LGV is a relatively rare sexually transmitted disease that affects lymph notes and is caused by serovars L1, L2, and L3 of the bacterium Chlamyida trachomatis. The infection produces a painless ulcer and may be confused with primary syphilis. The disease is rare in the U.S. with fewer than 600 cases reported annually–far fewer cases are reported in women than in men. LGVis endemic in parts of Africa, India, Southeast Asia, South America and the Caribbean. Recent outbreaks have occurred in Europe
The primary stage of the disease starts out as a painless ulcer at the site where the bacteria gain entrance to the mucous membrane or skin. Typically, in women the initial site of entry is the vaginal wall. The ulcer lasts 3-12 days. While men can easily detect their lesions it often goes unnoticed in women because it is painless and out of site. The lesion heals before the disease enters the secondary stage some 10 – 30 days later.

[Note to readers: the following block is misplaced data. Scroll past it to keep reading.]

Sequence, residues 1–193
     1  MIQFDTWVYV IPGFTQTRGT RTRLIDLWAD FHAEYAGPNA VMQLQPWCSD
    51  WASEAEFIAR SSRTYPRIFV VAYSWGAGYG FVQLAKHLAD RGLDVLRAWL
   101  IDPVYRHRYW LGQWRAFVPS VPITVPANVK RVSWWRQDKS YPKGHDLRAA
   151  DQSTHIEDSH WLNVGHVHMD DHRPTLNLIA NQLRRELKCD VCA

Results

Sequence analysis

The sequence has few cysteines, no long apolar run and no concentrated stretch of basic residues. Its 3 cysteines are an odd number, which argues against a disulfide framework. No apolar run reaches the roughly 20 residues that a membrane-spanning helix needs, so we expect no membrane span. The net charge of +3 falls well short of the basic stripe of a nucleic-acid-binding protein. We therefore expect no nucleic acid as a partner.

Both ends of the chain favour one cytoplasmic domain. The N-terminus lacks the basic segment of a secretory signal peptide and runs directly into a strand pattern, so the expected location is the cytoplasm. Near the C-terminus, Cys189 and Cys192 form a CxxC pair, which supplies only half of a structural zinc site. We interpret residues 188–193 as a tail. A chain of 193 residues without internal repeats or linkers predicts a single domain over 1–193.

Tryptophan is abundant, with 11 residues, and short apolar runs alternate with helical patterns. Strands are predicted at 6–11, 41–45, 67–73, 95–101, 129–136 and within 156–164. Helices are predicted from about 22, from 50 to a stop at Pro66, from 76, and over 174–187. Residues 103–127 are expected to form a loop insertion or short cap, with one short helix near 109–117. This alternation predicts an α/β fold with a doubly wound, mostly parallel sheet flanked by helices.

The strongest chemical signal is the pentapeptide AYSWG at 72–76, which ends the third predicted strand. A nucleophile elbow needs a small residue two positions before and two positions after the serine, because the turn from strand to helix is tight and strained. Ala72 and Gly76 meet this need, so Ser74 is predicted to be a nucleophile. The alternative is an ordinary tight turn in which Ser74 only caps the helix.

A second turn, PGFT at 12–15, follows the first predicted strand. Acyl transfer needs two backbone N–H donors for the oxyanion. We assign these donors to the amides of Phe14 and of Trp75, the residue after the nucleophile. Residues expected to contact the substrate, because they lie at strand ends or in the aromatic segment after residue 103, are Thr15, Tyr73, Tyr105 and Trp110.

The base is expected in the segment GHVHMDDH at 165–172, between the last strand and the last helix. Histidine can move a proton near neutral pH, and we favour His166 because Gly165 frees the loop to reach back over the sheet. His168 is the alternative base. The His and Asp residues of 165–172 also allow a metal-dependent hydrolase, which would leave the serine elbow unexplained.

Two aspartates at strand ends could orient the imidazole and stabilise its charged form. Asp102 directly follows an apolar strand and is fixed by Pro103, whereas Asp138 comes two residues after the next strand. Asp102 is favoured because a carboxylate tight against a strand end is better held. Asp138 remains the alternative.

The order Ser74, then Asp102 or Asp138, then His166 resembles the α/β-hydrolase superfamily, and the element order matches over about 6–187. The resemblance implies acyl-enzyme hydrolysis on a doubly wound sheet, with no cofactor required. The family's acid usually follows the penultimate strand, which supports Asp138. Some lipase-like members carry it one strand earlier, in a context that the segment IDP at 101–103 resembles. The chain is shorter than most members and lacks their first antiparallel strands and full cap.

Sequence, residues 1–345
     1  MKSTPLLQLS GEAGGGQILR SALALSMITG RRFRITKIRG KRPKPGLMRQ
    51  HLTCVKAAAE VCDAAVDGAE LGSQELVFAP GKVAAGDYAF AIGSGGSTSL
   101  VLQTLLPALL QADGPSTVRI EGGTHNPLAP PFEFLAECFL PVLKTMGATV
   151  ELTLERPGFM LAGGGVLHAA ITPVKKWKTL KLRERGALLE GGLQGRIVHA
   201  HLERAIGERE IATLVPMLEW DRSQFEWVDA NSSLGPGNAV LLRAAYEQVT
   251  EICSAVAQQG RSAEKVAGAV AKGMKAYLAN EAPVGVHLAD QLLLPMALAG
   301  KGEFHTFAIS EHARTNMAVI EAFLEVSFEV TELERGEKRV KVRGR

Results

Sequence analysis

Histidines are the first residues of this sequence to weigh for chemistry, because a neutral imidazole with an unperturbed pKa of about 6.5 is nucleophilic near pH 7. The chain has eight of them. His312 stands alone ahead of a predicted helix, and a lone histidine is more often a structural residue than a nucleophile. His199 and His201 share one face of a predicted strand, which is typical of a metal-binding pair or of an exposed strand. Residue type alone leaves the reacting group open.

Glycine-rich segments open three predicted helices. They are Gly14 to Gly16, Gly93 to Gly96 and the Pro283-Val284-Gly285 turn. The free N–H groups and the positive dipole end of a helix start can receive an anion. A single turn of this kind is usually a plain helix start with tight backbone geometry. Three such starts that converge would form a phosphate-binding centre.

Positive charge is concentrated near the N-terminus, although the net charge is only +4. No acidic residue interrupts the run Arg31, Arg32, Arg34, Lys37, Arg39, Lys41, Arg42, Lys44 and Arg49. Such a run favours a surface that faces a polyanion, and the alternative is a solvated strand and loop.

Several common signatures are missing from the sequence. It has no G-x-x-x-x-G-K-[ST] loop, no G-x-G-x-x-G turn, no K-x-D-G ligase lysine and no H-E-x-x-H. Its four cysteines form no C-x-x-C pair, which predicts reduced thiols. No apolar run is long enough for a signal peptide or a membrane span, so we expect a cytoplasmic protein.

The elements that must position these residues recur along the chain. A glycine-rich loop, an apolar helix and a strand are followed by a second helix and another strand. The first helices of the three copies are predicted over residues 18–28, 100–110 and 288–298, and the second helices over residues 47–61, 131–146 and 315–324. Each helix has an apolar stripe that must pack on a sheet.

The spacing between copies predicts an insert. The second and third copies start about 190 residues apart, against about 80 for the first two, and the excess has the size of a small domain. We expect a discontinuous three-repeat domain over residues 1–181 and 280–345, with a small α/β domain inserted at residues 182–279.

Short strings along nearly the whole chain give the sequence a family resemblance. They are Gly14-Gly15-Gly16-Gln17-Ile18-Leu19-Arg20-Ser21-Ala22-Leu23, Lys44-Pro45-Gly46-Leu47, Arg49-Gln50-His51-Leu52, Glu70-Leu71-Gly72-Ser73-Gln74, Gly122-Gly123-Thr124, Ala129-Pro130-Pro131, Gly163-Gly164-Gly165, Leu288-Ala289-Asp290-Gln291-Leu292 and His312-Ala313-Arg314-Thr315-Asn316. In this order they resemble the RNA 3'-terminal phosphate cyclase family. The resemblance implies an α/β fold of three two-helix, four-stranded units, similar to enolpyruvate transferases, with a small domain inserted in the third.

LGV gains entrance through breaks in the skin and travels through lymphatic channels settling into lymph nodes where it causes the formation of abscesses – also called buboes. If the affected lymph nodes are in the groin it causes the inguinal syndrome. These same abscesses occur in the lymph nodes draining the rectum the rectal syndrome of this disease appears.
The secondary stage is characterized by the spread of the infection to the surrounding lymph nodes along the lymphatic drainage pathways. In women the infection may spread to the cervix (cervicitis), the internal tissues alongside the uterus (perimetritis) or the fallopian tubes (salpingitis). In addition the deep lymph nodes may become infected causing lymphadenitis. About 20% of women will develop a swelling and abscess in their inguinal lymph nodes. This is often accompanied by fever, chills, fatigue and loss of appetite.
If left untreated a tertiary stage follows characterized by permanent scarring may occur in various internal organs leading to infertility, pelvic pain and others symptoms resulting from permanent scarring.